Journalist Lizzy van Leeuwen also was for some time in Indonesia, seeking information about Buni Yani (who only had a small position at the Jakarta institution and has been dismissed since the beginning of the affair). She gives much interest to the cooperation between PKS (now in a difficult position due to the 2014 corruption affair) and Gerindra of Prabowo.
Finally she also quotes Bart Barendregt, assistent professor in Leiden and responsible for the study of Buni Yani: 'He was not really interested in Islam here. He was in fact not an academic, but a journalist. He was a supporter of Jokowi, but probably lost his confidence in him. Buni had a strong feeling of justice, or perhaps it was rather some naive love of justice. He really loved his country and was not an man for machinations.'

donderdag 2 november 2017

Jan Toorop and 'Melati of Java': a painter and a writer and their Indonesian background

In the small but old town of Doesburg (in East Netherlands, member of the old Hanza Union), an exhibition is held on Jan Toorop (1858-1928). The scenery is beautiful: small but characteristic buildings in the Hanza tradition, like the town hall.
Toorop had a Dutch father and a partly Chinese mother from the island of Banka. He looked very Indonesian, at least to Dutch people. He was only eleven years old when he moved to the Netherlands ion 1969. It is debated how much he was influenced by Indonesia, wayang performances or other artistic traditions. The exhibition in Doesburg was advertised  as a way to see the Indonesian influences in the work of this artist who is also known as a prominent member of Art Nouveau or symbolic art around 1900. In fact we could not see much direct Indonesian influence.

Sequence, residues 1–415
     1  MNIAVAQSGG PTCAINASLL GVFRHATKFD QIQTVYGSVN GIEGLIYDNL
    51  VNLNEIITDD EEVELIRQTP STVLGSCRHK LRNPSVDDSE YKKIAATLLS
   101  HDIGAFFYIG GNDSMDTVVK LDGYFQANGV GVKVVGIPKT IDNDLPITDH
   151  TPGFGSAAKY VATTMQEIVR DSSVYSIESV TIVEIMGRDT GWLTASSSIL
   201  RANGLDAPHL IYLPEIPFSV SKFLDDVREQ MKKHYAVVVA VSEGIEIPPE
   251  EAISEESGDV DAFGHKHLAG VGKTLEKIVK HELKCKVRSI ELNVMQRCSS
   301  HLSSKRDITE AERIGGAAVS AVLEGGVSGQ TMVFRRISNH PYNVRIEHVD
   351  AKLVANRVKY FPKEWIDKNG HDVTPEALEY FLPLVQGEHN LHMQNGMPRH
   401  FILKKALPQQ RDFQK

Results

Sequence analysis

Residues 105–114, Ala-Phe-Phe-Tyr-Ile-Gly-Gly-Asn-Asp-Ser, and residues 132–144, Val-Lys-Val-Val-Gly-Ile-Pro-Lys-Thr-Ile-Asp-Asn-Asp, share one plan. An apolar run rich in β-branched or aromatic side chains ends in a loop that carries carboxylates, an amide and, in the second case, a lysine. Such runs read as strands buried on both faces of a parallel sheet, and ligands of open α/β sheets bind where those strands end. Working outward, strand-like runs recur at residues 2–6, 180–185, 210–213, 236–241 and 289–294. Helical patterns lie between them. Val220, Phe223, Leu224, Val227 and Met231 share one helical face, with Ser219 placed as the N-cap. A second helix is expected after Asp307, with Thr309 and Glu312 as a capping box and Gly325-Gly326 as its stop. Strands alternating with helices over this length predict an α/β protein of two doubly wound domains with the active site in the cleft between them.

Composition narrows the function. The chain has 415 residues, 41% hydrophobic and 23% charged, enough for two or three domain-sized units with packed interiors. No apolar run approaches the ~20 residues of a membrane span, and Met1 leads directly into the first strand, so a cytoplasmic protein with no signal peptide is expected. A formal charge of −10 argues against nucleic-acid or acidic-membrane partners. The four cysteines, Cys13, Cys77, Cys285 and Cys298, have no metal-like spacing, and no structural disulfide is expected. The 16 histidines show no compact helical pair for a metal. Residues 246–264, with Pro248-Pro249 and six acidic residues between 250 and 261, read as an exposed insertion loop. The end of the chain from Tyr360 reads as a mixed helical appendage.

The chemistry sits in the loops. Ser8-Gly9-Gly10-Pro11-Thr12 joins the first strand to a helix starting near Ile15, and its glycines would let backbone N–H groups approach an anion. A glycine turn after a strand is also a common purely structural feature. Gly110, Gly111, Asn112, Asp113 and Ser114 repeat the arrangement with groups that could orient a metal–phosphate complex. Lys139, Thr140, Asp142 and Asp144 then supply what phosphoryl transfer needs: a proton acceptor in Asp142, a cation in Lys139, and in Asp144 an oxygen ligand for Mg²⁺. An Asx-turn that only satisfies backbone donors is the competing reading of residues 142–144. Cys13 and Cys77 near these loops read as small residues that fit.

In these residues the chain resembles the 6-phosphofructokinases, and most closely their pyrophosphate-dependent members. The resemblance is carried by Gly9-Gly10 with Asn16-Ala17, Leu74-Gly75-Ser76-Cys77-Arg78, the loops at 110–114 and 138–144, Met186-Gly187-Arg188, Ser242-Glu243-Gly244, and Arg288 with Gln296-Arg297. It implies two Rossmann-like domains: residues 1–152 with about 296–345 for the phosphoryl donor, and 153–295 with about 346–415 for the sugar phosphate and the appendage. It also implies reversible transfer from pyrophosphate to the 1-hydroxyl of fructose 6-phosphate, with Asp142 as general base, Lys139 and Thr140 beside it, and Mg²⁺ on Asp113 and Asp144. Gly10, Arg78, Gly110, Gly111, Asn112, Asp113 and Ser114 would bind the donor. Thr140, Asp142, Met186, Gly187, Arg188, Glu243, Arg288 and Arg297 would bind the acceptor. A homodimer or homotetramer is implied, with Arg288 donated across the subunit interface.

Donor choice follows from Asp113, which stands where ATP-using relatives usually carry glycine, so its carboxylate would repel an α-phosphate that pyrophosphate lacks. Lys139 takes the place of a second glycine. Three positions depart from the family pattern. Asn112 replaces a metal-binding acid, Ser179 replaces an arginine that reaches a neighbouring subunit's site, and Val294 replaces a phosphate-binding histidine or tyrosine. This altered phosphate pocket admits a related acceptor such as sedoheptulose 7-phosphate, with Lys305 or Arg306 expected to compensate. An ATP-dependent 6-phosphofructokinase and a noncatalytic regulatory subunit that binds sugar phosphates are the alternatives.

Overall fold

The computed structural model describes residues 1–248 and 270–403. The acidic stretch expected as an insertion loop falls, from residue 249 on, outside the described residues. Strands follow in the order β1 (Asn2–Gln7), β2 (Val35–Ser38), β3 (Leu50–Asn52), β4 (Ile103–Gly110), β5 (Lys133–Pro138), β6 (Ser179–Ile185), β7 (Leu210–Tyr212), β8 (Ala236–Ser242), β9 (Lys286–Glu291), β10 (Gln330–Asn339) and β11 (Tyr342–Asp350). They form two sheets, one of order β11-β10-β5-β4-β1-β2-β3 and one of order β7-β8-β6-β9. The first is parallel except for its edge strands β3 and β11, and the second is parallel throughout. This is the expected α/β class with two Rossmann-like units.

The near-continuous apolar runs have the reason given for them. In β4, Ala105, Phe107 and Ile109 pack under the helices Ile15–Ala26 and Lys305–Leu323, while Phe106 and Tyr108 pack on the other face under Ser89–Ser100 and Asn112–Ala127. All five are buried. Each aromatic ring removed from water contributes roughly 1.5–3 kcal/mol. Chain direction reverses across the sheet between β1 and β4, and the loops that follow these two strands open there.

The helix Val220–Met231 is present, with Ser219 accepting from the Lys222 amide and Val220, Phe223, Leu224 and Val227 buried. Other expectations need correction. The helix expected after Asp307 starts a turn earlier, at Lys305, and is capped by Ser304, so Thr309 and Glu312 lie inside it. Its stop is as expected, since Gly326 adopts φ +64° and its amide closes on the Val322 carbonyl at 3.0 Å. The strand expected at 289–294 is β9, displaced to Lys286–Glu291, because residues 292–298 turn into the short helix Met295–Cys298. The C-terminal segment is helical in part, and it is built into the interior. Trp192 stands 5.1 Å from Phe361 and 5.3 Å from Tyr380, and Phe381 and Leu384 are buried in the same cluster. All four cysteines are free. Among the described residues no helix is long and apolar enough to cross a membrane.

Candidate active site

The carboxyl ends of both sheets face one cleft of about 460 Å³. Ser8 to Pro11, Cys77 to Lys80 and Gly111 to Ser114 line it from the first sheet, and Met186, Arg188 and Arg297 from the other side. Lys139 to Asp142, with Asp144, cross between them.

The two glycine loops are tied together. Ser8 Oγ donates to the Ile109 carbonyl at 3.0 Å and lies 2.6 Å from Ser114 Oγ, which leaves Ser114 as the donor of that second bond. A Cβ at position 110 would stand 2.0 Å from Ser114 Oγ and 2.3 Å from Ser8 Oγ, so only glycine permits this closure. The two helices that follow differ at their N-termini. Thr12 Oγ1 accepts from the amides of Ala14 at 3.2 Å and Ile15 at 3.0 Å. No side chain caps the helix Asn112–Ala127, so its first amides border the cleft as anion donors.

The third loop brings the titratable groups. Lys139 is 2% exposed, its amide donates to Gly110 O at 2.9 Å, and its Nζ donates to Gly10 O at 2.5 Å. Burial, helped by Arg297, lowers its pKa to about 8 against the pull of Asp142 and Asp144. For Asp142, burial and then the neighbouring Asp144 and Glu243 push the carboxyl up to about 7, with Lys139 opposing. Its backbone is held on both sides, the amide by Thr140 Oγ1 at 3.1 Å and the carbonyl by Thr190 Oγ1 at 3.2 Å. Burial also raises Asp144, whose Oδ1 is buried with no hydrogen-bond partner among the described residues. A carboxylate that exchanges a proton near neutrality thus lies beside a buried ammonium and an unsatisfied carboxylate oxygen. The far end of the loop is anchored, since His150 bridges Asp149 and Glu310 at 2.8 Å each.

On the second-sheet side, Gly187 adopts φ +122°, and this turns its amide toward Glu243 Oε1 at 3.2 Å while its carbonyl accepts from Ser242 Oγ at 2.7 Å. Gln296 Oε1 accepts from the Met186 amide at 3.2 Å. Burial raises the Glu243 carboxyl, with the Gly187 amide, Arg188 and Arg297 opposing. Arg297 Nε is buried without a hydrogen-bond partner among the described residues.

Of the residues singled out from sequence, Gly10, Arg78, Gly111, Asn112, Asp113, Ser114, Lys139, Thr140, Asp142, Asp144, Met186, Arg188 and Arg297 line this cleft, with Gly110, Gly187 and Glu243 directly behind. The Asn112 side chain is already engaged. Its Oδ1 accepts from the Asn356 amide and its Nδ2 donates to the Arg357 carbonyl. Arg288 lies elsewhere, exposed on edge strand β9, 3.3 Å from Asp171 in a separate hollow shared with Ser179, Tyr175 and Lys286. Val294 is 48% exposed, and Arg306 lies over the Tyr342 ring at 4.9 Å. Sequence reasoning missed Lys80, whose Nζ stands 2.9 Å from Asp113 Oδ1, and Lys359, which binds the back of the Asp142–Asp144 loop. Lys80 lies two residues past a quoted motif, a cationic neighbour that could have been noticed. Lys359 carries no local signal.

Below we see here the advertisement of oil to be used in salades. Can we see here a remembrence of Javanese batik art? In 1905 Toorop (who was raised as a nominal Protestant), converted to Catholicism and the image of the Trinity above as one examples of this period in his career. He became immensely popular in the Catholic world of the Netherlands, but not much is seen of Indonesian influence.
This lady is Nicolina van Sloot, born in Semarang 1853 of pure Dutch parents. Her father was a teacher at a primary school. She followed a secndary school, probably at the Ursuline sisters in Batavia. The family moved to the Netherlands in 1871. Until her death in 1927 she wrote more than fifty novels, most of the under her penn-name Melati of Java. She never married and could live from her writings, because the romantic novels, many about the Dutch Indies were very popular. It was het trademark! She wrote even a novel about the historic person of Surapati, glorifying him as a noble fighter against colonialism. Recently a new biography has been published as a doctoral dissertation: she still has some fame in the Netherlands, but as far as I know none of her books were ever translated into Indonesian.